Trump Trials: Awaiting appeals court ruling and more courtroom antics

A courtroom sketch depicts E. Jean Carroll being questioned in a redirect by her lawyer Roberta Kaplan as Donald Trump's lawyer Alina Habba objects before Judge Lewis Kaplan in Manhattan federal court Thursday. (Jane Rosenberg/Reuters)
6 min

Welcome back to The Trump Trials, our weekly wrap-up of the many criminal and civil cases the 45th president is fighting in federal and state courts.

Last week, we saw Donald Trump have outbursts in a New York courtroom. And this week, well, we may see it all over again as Trump could take the stand in the defamation case against him brought by writer E. Jean Carroll.

Have questions on the upcoming trials? Email us at and and check for answers in future newsletters.

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What’s ahead

Trump has signaled he will take the stand on Monday in the New York civil trial over defamatory comments he made about Carroll in 2019 after she came forward with a decades-old sexual assault allegation. But similar plans to testify in other cases turned out to be head fakes. In a previous trial, Trump was found liable for defamation — it’s now up to a jury to decide how much more, if anything, he owes Carroll in damages. (Check out the Nerd Word below for more on that.)

We’re watching for an appeals court decision on Trump’s claim that he’s immune from prosecution for actions he took while in office — immunity that would even cover “events that ‘cross the line,’” he is claiming on social media.

Separately, we’re awaiting a plaintiffs’ brief in the Colorado ballot case now before the Supreme Court, in which Trump is seeking to overturn a decision barring him from the ballot because of his actions before and during Jan. 6, 2021.

Here’s a recap of last week’s action in Trump’s four criminal cases.

Georgia: State case on 2020 election

The details: Trump faces 13 state charges for allegedly trying to undo the election results in that state. Four of Trump’s 18 co-defendants have pleaded guilty.

Planned trial date: None yet

What happened last week: Things got messy in the Peach State. A filing to dismiss the case by former Trump campaign aide and co-defendant Mike Roman contained explosive, albeit vague, allegations that District Attorney Fani T. Willis (D) mishandled public money and engaged in an improper relationship with a special prosecutor she hired to work on the case.

D.C.: Federal case on 2020 election

The details: Four counts related to conspiring to obstruct the 2020 election results.

Planned trial date: March 4

What happened: Pretrial proceedings are frozen in the case while Trump’s immunity appeal plays out. But special counsel Jack Smith has continued to file motions, and Trump’s team has called those filings inappropriate and urged Judge Tanya S. Chutkan to hold prosecutors in contempt.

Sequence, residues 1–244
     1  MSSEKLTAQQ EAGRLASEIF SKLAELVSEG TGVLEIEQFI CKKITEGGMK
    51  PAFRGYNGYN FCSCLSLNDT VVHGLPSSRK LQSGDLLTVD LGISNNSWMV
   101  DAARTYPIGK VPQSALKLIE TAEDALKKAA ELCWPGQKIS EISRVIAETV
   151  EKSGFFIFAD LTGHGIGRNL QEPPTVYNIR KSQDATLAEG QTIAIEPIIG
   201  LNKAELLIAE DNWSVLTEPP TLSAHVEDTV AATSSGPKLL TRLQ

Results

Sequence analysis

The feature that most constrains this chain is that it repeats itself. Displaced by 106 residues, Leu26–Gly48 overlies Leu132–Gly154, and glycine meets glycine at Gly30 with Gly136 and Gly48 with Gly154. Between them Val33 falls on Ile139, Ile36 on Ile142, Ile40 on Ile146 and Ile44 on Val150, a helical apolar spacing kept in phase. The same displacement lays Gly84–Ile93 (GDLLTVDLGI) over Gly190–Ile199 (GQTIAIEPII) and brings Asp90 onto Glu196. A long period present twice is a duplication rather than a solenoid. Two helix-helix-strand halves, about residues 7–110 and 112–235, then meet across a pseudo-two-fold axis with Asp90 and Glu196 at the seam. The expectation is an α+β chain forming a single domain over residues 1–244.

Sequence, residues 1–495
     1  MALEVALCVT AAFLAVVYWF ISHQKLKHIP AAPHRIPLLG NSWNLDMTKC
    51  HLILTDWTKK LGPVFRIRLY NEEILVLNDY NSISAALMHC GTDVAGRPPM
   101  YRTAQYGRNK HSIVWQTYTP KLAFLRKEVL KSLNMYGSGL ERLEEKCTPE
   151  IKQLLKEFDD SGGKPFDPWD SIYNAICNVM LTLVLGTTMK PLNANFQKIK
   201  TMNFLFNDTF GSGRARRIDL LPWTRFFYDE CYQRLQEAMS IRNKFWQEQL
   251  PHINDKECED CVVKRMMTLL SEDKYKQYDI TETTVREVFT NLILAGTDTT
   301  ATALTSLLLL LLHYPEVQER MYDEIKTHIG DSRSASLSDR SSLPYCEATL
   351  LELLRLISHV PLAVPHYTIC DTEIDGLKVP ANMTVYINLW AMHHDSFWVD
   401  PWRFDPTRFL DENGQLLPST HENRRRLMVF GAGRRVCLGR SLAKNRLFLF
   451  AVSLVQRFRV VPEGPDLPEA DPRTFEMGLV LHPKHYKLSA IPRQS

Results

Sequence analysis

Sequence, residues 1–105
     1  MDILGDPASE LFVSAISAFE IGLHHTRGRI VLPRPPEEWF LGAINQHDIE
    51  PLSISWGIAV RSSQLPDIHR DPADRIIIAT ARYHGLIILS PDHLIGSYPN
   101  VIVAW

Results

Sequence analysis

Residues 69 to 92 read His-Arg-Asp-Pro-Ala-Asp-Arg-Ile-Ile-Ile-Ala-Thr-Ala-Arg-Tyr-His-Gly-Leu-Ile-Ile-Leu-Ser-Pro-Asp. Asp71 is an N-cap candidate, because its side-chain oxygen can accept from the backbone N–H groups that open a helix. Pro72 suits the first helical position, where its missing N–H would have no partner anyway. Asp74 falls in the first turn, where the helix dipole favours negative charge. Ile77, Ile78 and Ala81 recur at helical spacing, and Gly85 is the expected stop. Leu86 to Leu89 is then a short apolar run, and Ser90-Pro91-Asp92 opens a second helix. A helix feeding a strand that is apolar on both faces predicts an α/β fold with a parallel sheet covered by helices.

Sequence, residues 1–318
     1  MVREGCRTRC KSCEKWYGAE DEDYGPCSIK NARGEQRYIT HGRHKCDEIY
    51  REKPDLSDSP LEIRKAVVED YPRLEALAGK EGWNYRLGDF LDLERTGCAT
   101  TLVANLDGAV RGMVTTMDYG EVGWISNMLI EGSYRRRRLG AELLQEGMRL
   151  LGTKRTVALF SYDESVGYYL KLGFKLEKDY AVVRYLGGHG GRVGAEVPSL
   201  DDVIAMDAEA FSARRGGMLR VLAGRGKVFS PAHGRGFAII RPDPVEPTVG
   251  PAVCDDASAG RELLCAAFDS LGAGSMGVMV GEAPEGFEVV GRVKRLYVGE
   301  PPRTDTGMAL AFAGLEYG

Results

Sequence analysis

• The judge responded this week and split the baby, so to speak. She said there is nothing that prohibits prosecutors from filing motions but ordered that they ask permission from the court before doing so. More significantly, her order suggested that the March 4 trial date could be delayed.

Florida: Federal classified documents case

The details: Trump faces 40 federal charges over accusations that he kept top-secret government documents at Mar-a-Lago — his home and private club — and thwarted government demands to return them.

Planned trial date: May 20

What happened: Trump’s lawyers revealed defenses they may use in the case. That includes trying to prove that prosecutors and the Biden administration communicated with each other, which the defense lawyers say could show that the indictment was politically motivated. Lawyers also may try to show that Trump’s retention of the materials did no real damage to national security — and that Trump retained some high-level clearance long after he left the White House.

  • The strategies were disclosed in a “motion to compel,” in which Trump’s lawyers asked Judge Aileen M. Cannon to force prosecutors to hand over more evidence in the case.

New York: State hush money case

The details: 34 charges connected to a 2016 hush money payment.

Planned trial date: March 25

Last week: The case was dark. All eyes were on the federal civil defamation trial.

Nerd word of the week

Punitive damages: At civil trials, courts decide whether, and how much, to award in compensatory and punitive damages. Compensatory damages are payments to the injured party for the harm they suffered and the costs of that harm. Punitive damages are meant to punish financially the person who did the harm. In the defamation trial now underway in New York, a key question will be what punitive damages are levied against the former president. The amount of punitive damages has to be proportional to the amount of compensatory damages.

Question time

Q: How can Trump keep appealing lower-court decisions before he has even gone on trial? Does that give him an advantage that regular defendants don’t get?

A: In general, defendants can only appeal most issues after a verdict is reached. But there are rare exceptions, including issues involving immunity, as we explain here. In Trump’s case, there is not clear Supreme Court guidance on whether he has immunity for acts while he was president, or if his impeachment acquittal in 2021 gives him double-jeopardy protection from criminal charges.